Great course, great professor. She designed the course, and this was the first time it was taught (at Columbia, she's taught elsewhere before). It is an intro level course, so no background in philosophy needed. The positive side to this is, well, if you've never done philosophy before, you can still take this course and not be left in the dark. The downside is that most people tended to be freshmen or sophmores, so the rigour of the the ideas and level of discussion in class was never very deep, and sometimes even a little frustrating for those who did have some background or were upperclassmen. But, seeing as it was an intro level course, it's hard to complain about that. Everything else about the class was great. The readings were overall awesome, very interesting. Lectures were well organized, and usually didn't spend as much time on the less interesting readings. Discussion, though often obvious and superficial, was forthcoming, so class never dragged and there were few awkward pauses. The professor was great as well. She was super-organized, and knew her stuff very well. The one time she forgot her lecture notes, she did the lecture extemporaneously, and you could hardly tell the difference. What was most surprising to me, was that in a class with over 40 people showing up every day, she managed to both generate a decent discussion with pretty good participation, and not let the discussion override her lecture and keep the class moving. The clear interest she showed in getting her student's opinions was refreshing, and made her very approachable. She was very open to talk during her office hours, so when people had questions that went deeper than the class covered, she was very willing to discuss an idea outside of class. Overall great class, great professor. Highly recommed both.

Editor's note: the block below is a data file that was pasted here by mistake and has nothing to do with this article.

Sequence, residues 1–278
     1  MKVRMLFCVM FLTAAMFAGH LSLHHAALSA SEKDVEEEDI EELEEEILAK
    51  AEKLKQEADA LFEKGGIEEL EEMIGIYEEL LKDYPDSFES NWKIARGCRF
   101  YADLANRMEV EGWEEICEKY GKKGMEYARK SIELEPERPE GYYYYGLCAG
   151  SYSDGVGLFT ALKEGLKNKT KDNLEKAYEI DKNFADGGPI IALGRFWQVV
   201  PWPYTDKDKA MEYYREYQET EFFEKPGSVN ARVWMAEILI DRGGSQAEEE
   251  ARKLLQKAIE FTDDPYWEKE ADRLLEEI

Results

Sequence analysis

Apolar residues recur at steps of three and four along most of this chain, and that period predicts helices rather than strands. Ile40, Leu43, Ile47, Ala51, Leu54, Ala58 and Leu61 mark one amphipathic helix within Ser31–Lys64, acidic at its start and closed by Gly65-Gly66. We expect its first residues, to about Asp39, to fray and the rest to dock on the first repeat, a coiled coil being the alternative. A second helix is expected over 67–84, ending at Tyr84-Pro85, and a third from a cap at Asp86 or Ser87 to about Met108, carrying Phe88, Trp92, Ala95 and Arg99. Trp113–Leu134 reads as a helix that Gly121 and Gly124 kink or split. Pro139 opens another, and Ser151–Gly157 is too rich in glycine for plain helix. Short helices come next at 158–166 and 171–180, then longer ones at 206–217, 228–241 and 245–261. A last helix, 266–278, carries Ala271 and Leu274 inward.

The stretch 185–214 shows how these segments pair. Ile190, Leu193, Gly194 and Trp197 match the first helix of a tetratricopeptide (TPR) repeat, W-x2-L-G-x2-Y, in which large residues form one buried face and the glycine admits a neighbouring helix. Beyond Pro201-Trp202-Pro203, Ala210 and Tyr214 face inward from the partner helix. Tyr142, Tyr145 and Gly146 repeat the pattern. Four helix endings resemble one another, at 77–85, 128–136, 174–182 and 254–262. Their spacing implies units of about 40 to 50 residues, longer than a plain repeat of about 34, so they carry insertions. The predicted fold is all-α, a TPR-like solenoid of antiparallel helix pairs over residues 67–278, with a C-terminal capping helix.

Professor Bell is amazingly friendly. She's very organized and spent a lot of time preparing for each lecture, which showed in her powerpoints and prepared comments. The great thing about the class (30 person+ lecture) was that she was still able to elicit helpful dicussion from such a large group. She effectively handled everyone's comments and knew whether to move to the next point in order to finish on time, or to save a few points for the next lecture. I never went to her office hours or emailed her for help, but I expect that, given her continuous in- class offers of help, she would be more than willing to spend some time with students on an individual basis. I highly recommend her for any class: she kept teaching despite a hacking cough and near-death illness!!!! As for the material itself, the class is based on a series of readings from two anthologies of essays on aesthetics and art. It covers the basics: what is art, who decides, etc. but also delves into some more fun and interesting stuff: the art of food, horror, photography, public art, etc. We watched some war movies and Moulin Rouge (she even gave away an extra copy she had..she LOVES this movie for some reason). In short, take this class if it's offered. If not, take another class with her. She's reallllllllllly nice.